(a) General. The Privacy Act allows us to disclose information for law enforcement purposes under certain conditions. Much of the information in our files is especially sensitive or very personal. Furthermore, participation in social security programs is mandatory, so people cannot limit what information is given to us. Therefore, we generally disclose information for law enforcement purposes only in limited situations. The Privacy Act allows us to disclose information if the head of the law enforcement agency makes a written request giving enough information to show that the conditions in paragraphs (b) or (c) of this section are met, what information is needed, and why it is needed. Paragraphs (b) and (c) of this section discuss the disclosures we generally make for these purposes.
(b) Serious crimes. SSA may disclose information for criminal law enforcement purposes where a violent crime such as murder or kidnapping has been committed and the individual about whom the information is being sought has been indicted or convicted of that crime.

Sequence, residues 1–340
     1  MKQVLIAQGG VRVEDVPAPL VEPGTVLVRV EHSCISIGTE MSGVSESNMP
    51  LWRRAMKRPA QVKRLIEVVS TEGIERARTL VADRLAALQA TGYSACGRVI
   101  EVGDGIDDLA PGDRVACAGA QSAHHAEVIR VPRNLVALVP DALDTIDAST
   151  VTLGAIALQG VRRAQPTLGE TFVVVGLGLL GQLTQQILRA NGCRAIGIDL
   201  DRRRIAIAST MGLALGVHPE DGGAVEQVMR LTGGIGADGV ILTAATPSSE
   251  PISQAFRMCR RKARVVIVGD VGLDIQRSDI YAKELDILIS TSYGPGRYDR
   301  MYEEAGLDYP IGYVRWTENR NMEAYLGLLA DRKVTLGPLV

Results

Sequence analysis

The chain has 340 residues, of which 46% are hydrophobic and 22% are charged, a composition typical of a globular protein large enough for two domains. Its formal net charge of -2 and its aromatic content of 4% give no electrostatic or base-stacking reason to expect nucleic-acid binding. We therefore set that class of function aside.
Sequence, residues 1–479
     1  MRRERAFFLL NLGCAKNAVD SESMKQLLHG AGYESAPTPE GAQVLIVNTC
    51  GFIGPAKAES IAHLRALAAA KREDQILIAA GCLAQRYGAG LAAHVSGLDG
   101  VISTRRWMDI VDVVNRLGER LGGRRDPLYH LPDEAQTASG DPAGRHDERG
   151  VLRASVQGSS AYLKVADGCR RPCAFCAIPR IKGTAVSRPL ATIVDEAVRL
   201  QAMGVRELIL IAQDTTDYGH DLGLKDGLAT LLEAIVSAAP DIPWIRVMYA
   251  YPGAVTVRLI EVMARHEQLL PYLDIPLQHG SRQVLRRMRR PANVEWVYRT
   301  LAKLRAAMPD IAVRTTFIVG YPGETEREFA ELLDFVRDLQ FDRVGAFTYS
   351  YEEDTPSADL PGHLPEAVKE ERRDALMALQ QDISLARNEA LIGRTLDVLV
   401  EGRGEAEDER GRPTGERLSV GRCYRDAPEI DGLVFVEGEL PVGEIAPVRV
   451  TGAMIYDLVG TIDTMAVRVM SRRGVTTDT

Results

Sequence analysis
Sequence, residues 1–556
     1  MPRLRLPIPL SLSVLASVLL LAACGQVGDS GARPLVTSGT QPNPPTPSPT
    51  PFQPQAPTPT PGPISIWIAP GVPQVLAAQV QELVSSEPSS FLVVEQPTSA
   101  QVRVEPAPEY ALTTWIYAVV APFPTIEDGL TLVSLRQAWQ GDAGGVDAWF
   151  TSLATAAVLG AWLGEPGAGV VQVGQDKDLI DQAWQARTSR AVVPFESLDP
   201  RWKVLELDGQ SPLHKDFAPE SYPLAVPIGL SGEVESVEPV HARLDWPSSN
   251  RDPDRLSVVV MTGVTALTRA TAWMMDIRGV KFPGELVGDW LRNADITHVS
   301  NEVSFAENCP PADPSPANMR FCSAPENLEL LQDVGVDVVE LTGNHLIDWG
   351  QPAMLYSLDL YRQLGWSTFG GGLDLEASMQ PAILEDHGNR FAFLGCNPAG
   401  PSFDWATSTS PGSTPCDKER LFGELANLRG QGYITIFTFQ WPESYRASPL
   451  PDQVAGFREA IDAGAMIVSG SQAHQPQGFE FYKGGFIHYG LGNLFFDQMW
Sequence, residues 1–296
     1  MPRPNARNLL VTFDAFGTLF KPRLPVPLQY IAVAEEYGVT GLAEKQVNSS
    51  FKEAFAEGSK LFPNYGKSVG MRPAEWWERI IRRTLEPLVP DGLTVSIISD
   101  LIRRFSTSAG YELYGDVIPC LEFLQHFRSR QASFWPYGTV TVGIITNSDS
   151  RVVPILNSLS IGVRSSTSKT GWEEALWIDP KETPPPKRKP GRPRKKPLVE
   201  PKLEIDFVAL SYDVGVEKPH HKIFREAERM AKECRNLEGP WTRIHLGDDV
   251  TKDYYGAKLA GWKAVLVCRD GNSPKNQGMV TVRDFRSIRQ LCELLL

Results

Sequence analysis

(c) Criminal activity involving the social security program or another program with the same purposes. We disclose information when necessary to investigate or prosecute fraud or other criminal activity involving the social security program. We may also disclose information for investigation or prosecution of criminal activity in other income-maintenance or health-maintenance programs (e.g., other governmental pension programs, unemployment compensation, general assistance, Medicare or Medicaid) if the information concerns eligibility, benefit amounts, or other matters of benefit status in a social security program and is relevant to determining the same matters in the other program.
[62 FR 4143, Jan. 29, 1997, as amended at 72 FR 20941, Apr. 27, 2007]